Nikon F5 – AF Nikkor 50mm 1:1.4D – Kodak Vision3 250D @ ASA-250 – Unicolor Rapid C-41 Kit
River Arts (Colour)
Nikon F5 – AF Nikkor 50mm 1:1.4D – Kodak Vision3 250D @ ASA-250 – Unicolor C-41 Kit

Eastman Color Negative Rev.2 Processing
First introduced in 1974, Eastman Color Negative Rev. 2 or ECN-2 is more than chemistry; it’s the entire process, including washes, baths, remjet removal, and the machinery. And it is no secret either, Kodak has published the entire process and put it online as a PDF. It starts with an alkaline-based pre-bath and power wash to remove the remjet layer, then runs through the developer, a sulphuric acid stop, bleach and fix. Separating the bleach and the fix allows filmmakers to get a washed-out look with a bleach bypass. Overall there are eleven steps laid out in the ECN-2 process. Of course, home development kits duplicate some of the ECN-2 processes, and while they are excellent, they just don’t have the same level of precision as the full lab process. You get an image that comes out flat but gives plenty of flexibility for colour grading and makes the negatives easy to scan and adjust in post-processing to truly achieve your vision. And you can cross-process your usual C-41 films and get that flat look about them; ECN-2 and C-41 are close cousins of each other and get a slight shift in your colours and a flat contrast which again allows that flexibility. You can also get wild and cross-process your E-6 films in ECN-2.

Euphoric 100
Euphoric 100 is the latest product from the Atlanta Film Co, released at the end of October after several months of alpha and beta testing. Euphoric 100 is based around Eastman 7294 or Ektachrome 100D, a reversal film for motion pictures. It is available in Super8, 16mm and 35mm and most notability is used in the television show Euphoria. Bill was inspired by cinematographer Marcell Rév’s use of the film in the show’s second season and his cross-processing 7294 in ECN-2 chemistry. This inspired the name Euphoric 100, and the response has been mind-blowing. They had to pause orders initially to keep up with the sudden increase in demand. Not just on Euphoric but their regular Vision3 offerings. When cross-processing E-6 in ECN-2, you get a negative image, and scanning will give you a strong green hue. But with colour correction and grading work, you get a beautiful image. These will be a bit more grainy than normal and have strong contrast. When out shooting, you have to watch your exposure, it is still a slide film, so you have only four stops of latitude, but you can use that to your advantage.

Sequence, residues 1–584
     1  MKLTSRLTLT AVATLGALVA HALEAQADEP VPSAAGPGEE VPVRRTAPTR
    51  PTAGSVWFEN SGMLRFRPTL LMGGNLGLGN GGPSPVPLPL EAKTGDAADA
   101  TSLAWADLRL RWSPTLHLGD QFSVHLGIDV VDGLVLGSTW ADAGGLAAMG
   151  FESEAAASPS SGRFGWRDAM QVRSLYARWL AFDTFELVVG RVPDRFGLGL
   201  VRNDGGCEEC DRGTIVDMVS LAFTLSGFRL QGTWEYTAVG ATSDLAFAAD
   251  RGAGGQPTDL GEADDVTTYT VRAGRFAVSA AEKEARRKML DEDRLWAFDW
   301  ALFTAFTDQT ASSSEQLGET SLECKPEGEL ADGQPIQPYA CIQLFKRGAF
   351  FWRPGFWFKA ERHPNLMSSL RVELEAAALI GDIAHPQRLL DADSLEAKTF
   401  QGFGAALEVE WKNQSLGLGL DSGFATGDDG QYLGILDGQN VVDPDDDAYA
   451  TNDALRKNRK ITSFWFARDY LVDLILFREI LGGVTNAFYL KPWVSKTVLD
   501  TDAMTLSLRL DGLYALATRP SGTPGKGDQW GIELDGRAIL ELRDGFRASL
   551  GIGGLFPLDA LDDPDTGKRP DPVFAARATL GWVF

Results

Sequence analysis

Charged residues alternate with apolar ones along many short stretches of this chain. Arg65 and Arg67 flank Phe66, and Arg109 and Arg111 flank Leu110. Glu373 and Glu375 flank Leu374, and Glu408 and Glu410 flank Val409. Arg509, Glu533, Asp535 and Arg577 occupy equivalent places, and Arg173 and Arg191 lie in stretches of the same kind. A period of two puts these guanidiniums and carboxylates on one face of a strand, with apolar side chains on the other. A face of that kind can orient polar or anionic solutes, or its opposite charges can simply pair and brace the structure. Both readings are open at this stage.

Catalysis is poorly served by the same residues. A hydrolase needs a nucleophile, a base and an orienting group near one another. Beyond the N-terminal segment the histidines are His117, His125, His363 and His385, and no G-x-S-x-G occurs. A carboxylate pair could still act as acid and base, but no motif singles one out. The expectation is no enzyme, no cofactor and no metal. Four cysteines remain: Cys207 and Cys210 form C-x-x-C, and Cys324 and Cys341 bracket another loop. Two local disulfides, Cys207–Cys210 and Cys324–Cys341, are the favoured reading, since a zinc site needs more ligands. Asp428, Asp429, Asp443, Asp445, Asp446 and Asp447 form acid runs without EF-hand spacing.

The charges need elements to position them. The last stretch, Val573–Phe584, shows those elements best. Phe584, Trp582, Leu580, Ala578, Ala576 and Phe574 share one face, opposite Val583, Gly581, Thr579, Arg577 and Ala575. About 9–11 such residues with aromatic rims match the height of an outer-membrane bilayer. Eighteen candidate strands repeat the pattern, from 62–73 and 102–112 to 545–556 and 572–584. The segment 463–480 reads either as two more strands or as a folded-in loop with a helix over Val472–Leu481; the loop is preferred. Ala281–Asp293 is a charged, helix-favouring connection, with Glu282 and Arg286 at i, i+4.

If you want to pick up some Euphoric 100 or other Vision3 offerings, check out the Atlanta Film Co at the following locations!

In-Person at Dunwoody Photo:
5500 Chamblee Dunwoody Road, Suite 6A, Dunwoody, GA

Want a subscription to SilverGrain Classics and are a fan of Classic Camera Revival? Visit their shop online and buy a magazine or a subscription? Looking for a good spot to get your gear and material fix check out Burlington Camera (Burlington, ON), Downtown Camera (Toronto, ON), Film Plus (Toronto, ON), Belle Arte Camera (Hamilton, ON), Pond’s FotoSource (Guleph, ON), Foto Art Camera (Owen Sound, ON). In Quebec, Photo Service (Montreal, QC) and Studio Argentique (Montreal, QC), Out West there’s Kerrisdale Cameras (BC), The Camera Store (Calgary, AB) and Beau Photo Supply (Vancouver, BC). Additionally you can order online at Argentix (Quebec), (Ontario), the Film Photography Project or Freestyle Photographic. Looking for development options, check out these labs that have our support, Boréalis Photo Lab, Old School Photo Lab, The Darkroom, and Film Rescue International.

Also you can connect with us through email: classiccamerarevivial[at]gmail[dot]com or by Facebook, we’re at Classic Camera Revival, Twitter @ccamerarevival, and Instagram (@classiccamerarevival)!